To Be or Not to Be a Multi-Hyphenate Marketer
As I am on the hunt for my next position to call home, I find myself asking some obvious questions: What do I do? What do I want to do?
I have had some amazing opportunities to dip my toes into new things, as well as deep dive into things that I love. There really isn't one particular subject that I have wanted to stay in. When it comes down to a career path, should I to stick with a specific field, or do I continue to diversify my skills? To be or not to be a multi-hyphenate marketer, that is the question.
Is there such a thing as too many hats?
There are often times that I think to myself: "Maybe it's time to hunker down and focus on just full-time writing. On just web design. On just marketing automation." There are so many layers to all of those industries that I still don't know about. The thing is, I know I am not the type to happily do the same thing everyday.
Diversity is how I fell in love with the thrill of agency work. Never doing the same project too many times AND trying new hats on the fly was amazing to me. I loved being the "yes girl" to anything that came my way.
But as I am searching for a new role, I don't want spread my skills too thin across too many subjects. When I read a job description, I could have experience in any given skill. But do I have enough of that skill?
Forever Freelancing. Forever a Student.
At the end of the day, I have to remind myself that one job to isn't going to keep me satisfied. I don't wear a bunch of hats for others, I wear them for me. I take pride in being the busy copywriter/data-lover/designer/SEO-er/content-creator/researcher marketing person.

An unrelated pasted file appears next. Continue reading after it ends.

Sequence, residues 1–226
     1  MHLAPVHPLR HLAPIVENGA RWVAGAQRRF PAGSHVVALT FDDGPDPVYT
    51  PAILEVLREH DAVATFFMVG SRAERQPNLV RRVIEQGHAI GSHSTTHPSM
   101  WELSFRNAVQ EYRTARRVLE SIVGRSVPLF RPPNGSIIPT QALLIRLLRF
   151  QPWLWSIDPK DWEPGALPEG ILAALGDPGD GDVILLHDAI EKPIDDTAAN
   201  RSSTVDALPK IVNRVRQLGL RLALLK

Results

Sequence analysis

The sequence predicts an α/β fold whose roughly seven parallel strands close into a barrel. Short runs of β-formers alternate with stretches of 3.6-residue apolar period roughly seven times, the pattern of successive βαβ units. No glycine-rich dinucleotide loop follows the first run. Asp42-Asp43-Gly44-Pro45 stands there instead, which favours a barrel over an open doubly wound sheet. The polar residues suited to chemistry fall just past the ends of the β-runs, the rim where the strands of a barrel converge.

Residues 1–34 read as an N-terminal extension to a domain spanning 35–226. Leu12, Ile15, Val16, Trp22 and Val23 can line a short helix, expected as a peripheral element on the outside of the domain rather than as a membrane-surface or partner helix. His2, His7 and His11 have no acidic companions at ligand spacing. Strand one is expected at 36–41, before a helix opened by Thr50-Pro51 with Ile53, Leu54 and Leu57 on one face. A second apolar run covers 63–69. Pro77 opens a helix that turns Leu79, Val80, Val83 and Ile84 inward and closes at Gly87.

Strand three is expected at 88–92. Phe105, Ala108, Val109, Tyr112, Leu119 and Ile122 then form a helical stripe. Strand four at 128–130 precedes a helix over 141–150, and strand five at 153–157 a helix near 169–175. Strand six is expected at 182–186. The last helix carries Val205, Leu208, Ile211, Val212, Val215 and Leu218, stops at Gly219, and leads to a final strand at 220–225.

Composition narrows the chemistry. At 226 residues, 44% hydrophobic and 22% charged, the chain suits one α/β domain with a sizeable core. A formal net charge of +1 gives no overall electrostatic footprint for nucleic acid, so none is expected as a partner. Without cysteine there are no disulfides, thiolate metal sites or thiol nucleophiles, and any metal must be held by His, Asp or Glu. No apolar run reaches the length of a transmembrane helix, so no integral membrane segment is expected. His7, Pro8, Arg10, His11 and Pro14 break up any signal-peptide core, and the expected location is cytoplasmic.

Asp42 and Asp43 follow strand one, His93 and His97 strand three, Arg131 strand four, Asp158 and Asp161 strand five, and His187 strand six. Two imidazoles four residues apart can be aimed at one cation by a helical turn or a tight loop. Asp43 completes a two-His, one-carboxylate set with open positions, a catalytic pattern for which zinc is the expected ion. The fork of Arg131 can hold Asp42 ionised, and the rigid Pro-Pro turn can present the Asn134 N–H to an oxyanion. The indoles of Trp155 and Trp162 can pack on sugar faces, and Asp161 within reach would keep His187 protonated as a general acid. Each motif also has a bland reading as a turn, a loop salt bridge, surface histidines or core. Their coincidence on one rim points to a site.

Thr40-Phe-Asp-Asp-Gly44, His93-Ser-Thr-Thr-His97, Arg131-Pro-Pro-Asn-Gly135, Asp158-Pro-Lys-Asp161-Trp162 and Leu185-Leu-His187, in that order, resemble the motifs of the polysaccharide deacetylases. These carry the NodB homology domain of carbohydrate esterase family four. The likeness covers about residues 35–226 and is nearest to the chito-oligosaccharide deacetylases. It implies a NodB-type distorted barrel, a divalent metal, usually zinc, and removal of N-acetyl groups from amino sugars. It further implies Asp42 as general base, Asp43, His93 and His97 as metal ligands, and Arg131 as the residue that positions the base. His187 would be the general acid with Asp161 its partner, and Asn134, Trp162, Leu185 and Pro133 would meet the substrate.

It's not like I make a hard stop on my other skill development, either. As I keep getting deeper into the vast world of marketing, I know that I can't learn everything (try as I might). What I can do, is sample all that I can. Thank goodness for freelancing.
I am a huge advocate for having side hustles, but not just for additional revenue streams. It's a win-win to get to sharpen your skills outside of your full-time gig. I have used freelancing opportunities countless of times to try a new tactic or software.
As I continue on my job search, I know that I at least have the soft skills to get my hands dirty with anything. A hunger for learning is one thing, but becoming an expert is another.
It's tough pin-pointing a job title that I want since I could be a sort of funny combination of terms. One person could look at that as a bad thing, maybe aimless, another could praise it for flexibility.
I guess we will see which one will hire me.